To succeed on a motion to amend in an IPR, PGR, or CBM proceeding given these distinguishing aspects, a patent owner should, with respect to each claim feature added by amendment, discuss what it knows what was previously known about the feature and about the level of ordinary skill in the art.  A patent owner does not need to address individually all the items of prior art known to the patent owner.  Nor does a patent owner need to address all of the prior art in existence at the time of filing.  Rather, the patent owner should explain why the claim feature added by amendment, in combination with all the other features of the claim, would not have been obvious to a person of ordinary skill in the art at the time of the invention, in light of the knowledge and skill level of the person of ordinary skill in the art.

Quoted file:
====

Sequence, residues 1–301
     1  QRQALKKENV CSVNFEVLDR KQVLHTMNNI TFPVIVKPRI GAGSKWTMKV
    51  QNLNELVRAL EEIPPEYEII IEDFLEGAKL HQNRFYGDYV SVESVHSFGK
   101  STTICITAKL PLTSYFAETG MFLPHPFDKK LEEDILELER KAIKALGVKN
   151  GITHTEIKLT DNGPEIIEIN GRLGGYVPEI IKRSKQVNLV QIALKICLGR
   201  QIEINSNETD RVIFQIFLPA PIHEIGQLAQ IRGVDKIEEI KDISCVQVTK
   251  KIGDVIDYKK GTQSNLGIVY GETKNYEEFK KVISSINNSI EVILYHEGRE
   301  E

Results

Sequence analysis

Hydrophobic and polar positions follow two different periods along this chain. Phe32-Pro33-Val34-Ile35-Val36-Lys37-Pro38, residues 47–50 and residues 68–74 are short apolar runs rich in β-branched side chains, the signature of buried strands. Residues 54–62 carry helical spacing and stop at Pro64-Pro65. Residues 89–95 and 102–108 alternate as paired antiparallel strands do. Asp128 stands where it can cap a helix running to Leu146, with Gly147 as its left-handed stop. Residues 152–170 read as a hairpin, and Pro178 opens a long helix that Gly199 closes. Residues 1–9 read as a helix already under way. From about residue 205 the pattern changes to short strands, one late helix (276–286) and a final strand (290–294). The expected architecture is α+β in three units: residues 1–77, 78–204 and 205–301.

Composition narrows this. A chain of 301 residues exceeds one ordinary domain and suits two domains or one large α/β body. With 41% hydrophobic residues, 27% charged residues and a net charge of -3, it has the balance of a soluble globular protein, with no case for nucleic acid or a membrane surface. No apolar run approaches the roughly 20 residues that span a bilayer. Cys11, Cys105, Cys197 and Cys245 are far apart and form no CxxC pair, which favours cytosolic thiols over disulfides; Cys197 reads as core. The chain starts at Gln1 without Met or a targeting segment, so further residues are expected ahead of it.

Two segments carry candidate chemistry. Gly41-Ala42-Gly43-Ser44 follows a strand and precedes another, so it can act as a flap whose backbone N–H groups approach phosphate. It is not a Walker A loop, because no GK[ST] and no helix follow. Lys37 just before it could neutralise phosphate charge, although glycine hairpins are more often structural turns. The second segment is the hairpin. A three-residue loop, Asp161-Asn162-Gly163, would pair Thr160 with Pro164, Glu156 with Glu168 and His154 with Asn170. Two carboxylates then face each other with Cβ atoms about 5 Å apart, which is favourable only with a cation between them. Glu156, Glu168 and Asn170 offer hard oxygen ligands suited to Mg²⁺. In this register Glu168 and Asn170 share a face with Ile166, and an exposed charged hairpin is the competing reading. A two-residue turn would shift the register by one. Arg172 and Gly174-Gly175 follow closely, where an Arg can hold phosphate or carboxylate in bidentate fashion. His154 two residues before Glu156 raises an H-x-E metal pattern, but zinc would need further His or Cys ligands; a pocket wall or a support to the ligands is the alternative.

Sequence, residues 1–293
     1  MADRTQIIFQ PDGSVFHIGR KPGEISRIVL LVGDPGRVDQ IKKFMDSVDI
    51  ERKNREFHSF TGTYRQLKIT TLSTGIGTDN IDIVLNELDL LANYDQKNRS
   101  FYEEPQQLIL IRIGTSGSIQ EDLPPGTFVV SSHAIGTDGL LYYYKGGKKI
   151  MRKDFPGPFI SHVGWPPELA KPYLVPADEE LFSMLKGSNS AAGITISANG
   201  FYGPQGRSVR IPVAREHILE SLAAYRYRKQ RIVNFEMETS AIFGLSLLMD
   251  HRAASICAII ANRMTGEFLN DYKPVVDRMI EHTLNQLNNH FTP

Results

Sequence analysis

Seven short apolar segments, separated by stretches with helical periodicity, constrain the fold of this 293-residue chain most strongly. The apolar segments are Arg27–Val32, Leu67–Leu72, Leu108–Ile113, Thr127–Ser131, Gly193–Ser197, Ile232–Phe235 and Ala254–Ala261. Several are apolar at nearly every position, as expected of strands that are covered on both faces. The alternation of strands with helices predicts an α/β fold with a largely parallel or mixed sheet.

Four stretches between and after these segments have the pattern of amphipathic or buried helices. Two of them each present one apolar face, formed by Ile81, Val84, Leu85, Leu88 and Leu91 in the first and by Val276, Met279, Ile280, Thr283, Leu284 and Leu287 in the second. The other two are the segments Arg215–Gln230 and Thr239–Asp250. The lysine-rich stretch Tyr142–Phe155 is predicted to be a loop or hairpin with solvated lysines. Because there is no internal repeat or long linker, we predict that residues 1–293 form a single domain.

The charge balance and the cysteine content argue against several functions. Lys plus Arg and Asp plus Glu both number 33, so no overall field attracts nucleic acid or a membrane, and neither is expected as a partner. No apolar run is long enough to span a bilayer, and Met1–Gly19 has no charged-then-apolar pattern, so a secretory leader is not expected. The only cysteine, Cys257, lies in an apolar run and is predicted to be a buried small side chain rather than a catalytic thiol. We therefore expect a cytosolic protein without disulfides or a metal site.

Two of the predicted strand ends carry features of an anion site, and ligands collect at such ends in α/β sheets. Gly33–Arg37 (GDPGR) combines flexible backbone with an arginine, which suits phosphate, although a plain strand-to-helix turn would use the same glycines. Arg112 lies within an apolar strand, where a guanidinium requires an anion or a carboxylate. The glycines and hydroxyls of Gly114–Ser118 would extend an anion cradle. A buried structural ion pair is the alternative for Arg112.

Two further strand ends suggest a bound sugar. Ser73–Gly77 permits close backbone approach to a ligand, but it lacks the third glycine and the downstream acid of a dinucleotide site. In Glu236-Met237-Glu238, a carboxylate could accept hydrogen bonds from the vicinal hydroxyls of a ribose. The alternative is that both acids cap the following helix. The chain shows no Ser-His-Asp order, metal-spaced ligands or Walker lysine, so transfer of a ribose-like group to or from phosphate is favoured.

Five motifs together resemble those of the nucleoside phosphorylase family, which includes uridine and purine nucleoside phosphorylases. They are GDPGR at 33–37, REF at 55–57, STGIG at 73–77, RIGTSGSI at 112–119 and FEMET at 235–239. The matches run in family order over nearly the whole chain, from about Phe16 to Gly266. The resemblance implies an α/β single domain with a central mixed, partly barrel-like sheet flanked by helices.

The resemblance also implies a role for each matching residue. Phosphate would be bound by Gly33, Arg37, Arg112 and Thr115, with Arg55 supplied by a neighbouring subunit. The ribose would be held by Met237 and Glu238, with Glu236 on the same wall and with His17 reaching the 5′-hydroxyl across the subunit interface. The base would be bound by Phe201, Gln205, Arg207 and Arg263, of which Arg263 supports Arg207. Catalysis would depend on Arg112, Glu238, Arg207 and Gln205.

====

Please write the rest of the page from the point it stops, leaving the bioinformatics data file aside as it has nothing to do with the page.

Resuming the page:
Additionally, a patent owner must be mindful that it is not sufficient to establish that its amended claims are patentable over the prior art applied by the petitioner.  The petitioner did not select the prior art identified in the petition with knowledge of patent owner’s proposed substitute claims.  In fact, the references applied by the petitioner reasonably are not expected to be the closest prior art regarding the added feature in the amended claims.  Thus, while it is necessary for the patent owner to distinguish its amended claims over the prior art applied by the petitioner, a patent owner should not limit its motion to amend to that art.  Demonstrating patentable distinction over the prior art applied by the petitioner does not establish the overall patentability of the proposed claims sufficient to have them added to the involved patent.